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Top 25 Records of 2013

Benin City

Top 25 Records of 2013

So already its that time of year again. We attempt to fit as much of the years good music into the most digestible format possible, in the hope that youll either agree, become intrigued, or find a whole bunch of records you want to explore before we get to 2014.

Rather than trying to summarise a whole year of music in an opening paragraph, it seems much more sensible to briefly explain what this list is, what it means and what we hope to achieve with it. At SR we like to think great music is multi-faceted, its critique is and will always be highly subjective but theres a number of factors that we believe make a record great. Some of those factors include, but are not limited to, originality, shelf life and boldness. Thats why some of the records in this list will be out of the ordinary, others will be less daring toe-tappers and the best will be a combination of both. Below is our interactive, audible dialogue of the best of 2013.

Weve left you soundcloud links where we can, but for the selection of all our best picks you can indulge in this Spotify playlist

25 Jenny Hval Innocence Is Kinky

We all like strange and there???s no getting around the fact that this follow up to 2011???s Viscera, at times, is as odd and out there as art pop is going to get. What separates Innocence Is Kinky is its desire to take the listener on a journey through overt stories of sexuality and human nature. The concoction of softly spoken word, juxtaposing harsh, screeching vocals results in a record that in many ways epitomises the year in music. Daring and experimental. ~??James Murray

24 Letlive The Blackest Beautiful

Despite polarising opinions on the production which is very bass-heavy, almost poppy,??Letlive. have released one of the best post-hardcore records of the year with The??Blackest Beautiful. The band defy the rules of the genre, with Butler???s vocals??changing from calm to insane within seconds and music which rarely lets up, the band are??all over the place in the best way imaginable. ~??Max Qayyum

23 Lauren Bousfield Avalon Vales

So this one, somehow, seems to have slipped by unnoticed in most corners of music critique. It might not sit under easy listening, but Lauren Bousfield has created one of the most forward-thinking electronic records of recent years. Whether it???s the swirling, upbeat nature of Riverrun Humbling Allegory or the theatrical classical-meets-electro experiment of Ascending Hands, Bousfield hasn???t just evoked new electronic ideas, he???s managed to create glitch with prestige. No mean feat, to say the least. ~??James Murray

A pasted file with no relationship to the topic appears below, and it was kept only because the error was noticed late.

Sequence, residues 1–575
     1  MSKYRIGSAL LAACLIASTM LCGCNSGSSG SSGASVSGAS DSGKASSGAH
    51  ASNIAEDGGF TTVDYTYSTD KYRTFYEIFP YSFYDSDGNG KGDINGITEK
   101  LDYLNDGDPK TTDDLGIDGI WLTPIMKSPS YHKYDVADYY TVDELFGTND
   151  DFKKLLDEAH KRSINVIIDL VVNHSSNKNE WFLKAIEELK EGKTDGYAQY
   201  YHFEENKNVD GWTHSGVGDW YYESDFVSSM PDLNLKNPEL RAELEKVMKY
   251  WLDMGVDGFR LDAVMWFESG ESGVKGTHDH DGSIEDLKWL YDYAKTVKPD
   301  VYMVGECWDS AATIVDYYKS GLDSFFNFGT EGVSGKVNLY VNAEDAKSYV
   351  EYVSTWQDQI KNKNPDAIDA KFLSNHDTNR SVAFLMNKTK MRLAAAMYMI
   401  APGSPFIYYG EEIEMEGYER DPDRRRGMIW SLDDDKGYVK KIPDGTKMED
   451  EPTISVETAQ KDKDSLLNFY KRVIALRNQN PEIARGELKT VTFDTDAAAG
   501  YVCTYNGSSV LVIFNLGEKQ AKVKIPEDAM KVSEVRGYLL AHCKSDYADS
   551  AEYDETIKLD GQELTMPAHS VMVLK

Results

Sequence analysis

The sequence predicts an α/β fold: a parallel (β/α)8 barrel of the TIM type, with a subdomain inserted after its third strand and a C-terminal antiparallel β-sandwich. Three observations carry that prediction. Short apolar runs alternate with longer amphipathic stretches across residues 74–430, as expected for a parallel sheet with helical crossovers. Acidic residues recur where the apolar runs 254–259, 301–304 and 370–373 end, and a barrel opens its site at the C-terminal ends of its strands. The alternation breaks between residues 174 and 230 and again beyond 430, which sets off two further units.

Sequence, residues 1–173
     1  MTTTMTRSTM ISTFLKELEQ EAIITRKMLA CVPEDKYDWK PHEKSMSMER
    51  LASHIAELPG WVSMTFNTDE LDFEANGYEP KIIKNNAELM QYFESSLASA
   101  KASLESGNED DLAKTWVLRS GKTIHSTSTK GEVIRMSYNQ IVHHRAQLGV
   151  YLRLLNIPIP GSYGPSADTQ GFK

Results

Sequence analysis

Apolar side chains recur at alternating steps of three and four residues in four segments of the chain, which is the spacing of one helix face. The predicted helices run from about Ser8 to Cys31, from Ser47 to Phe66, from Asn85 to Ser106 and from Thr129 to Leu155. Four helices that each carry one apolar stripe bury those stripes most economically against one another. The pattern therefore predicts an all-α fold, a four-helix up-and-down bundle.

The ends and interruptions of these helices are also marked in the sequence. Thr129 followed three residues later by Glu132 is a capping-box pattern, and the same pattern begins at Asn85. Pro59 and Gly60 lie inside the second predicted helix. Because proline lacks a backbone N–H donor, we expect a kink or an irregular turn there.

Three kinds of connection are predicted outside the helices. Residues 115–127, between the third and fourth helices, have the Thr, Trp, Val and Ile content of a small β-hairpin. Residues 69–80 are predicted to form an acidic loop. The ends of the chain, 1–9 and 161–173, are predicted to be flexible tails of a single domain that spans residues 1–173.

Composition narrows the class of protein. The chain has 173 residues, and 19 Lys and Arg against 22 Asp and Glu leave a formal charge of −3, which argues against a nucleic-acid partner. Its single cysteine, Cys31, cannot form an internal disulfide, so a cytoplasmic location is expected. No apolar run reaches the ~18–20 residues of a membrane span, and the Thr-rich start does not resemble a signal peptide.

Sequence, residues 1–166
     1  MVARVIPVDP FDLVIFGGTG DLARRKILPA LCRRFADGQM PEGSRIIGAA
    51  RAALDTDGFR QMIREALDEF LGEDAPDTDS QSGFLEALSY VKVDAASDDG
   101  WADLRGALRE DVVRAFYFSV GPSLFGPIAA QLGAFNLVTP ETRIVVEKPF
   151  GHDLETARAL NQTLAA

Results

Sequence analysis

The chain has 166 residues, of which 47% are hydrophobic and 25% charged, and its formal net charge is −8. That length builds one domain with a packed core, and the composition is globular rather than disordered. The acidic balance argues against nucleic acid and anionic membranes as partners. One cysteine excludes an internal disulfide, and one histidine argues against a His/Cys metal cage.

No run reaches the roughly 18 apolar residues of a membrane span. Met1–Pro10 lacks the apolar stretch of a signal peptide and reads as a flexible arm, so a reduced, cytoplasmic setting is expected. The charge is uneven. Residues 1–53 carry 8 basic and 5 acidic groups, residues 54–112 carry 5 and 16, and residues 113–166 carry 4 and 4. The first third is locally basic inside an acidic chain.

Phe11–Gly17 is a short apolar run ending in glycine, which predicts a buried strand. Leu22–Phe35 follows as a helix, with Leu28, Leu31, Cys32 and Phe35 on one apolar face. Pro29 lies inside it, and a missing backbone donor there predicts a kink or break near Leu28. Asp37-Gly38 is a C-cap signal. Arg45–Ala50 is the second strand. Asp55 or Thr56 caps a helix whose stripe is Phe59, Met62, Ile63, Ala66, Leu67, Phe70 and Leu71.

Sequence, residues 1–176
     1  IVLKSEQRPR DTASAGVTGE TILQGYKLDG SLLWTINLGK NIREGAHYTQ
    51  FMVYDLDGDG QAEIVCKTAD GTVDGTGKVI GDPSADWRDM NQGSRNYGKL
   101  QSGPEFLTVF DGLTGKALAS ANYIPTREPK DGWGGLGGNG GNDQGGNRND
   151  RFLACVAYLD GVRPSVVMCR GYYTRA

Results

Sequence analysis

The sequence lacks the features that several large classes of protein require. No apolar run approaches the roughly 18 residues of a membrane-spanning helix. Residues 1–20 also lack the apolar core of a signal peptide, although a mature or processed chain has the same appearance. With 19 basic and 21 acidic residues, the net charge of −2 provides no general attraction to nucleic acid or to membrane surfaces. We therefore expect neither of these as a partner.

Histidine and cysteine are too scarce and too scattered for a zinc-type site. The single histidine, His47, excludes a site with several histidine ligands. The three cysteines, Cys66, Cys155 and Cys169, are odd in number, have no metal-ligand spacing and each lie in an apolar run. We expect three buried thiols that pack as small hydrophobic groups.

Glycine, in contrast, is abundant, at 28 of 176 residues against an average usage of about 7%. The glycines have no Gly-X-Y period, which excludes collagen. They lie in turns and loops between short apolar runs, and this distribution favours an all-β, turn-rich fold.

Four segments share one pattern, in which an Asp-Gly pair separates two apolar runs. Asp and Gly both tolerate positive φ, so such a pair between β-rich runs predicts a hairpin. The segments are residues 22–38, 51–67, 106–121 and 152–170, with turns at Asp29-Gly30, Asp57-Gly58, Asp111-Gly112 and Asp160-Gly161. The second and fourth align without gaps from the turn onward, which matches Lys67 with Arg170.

22 Chelsea Wolfe Pain Is Beauty

Several years after first emerging, Chelsea Wolfe continues to be something of an enigma. As with??previous albums, her latest effort draws on influences as wide-ranging as the hip-hop production of??Notorious B.I.G. and the black metal of Gorgoroth. Pain is Beauty is often bleak, occasionally chilling??and always intriguingly beautiful. ~??Craig Muff

21 Blondes Swisher

While last year???s Lover/Hater illustrated Blonde???s unmistakable style of progressive tech-house, Swisher has gone and reinforced that identity. The pulsating nature of numbers such as Bora Bora could only belong to Zach Steinman and Sam Haar. To many, the thought of progressive electronic might sound as monotonous as it gets but when Blondes take you on an 8 minute ride it???s never stretched thin. The elements and musicianship within every bar are captivating, it???s that attention to detail the key changes, the layering, the range of samples that makes Swisher deservedly commendable. ~??James Murray

20 Streetlight Manifesto The Hands That Thieve

After much anticipation, many label issues and the announcement that they will cease touring, it???s a good job that The Hands That Thieve is the best ska punk record of the year. In classic Streetlight Manifesto fashion, the songs are ridiculously fast, hectic and fun. Songs such as the title track with its big singalong outro show the band at the top of their game. The band aren???t reinventing the genre with this release, they???re perfecting it. The only disappointment is that we won???t be able to see the songs live for quite some time. ~??Max Qayyum

19 Nils Frahm Spaces

The experimental pianist, a title I???m sure Frahm would wince at, and albeit being perhaps its crudest descriptor it is one that encapsulates his sound. The true spectacle here is For, the 17-minute piece that begins with ambient keys and peaks with reverberating synths and chords. Music of a theatrical nature, it???s tailored for venues akin to Copenhagen???s Koncerthuset which recently hosted a live rendition of Spaces. These traditional European stages offer the open, ethereal settings that Frahm can use as a base to project his unfathomable talent. ~??James Murray

18 Vampire Weekend Modern Vampires of the City

Vampire Weekend???s third album, Modern Vampires of the City showcases a more mature and??more inventive collection from the native New Yorkers. Some bands blur the lines between timing??and luck to stumble upon a fine album, and some bands perhaps make two. Great bands are able??to produce great work time and time again, blending an ever evolving maturity with the sound we??came to know and love from that very first listen. Tracks like Step, Diane Young, Hannah Hunt and??Obvious Bicycle stand out amongst a fine set list. The best album Vampire Weekend have made??? so??far. ~??John Howell

17 Queens of the Stone Age Like Clockwork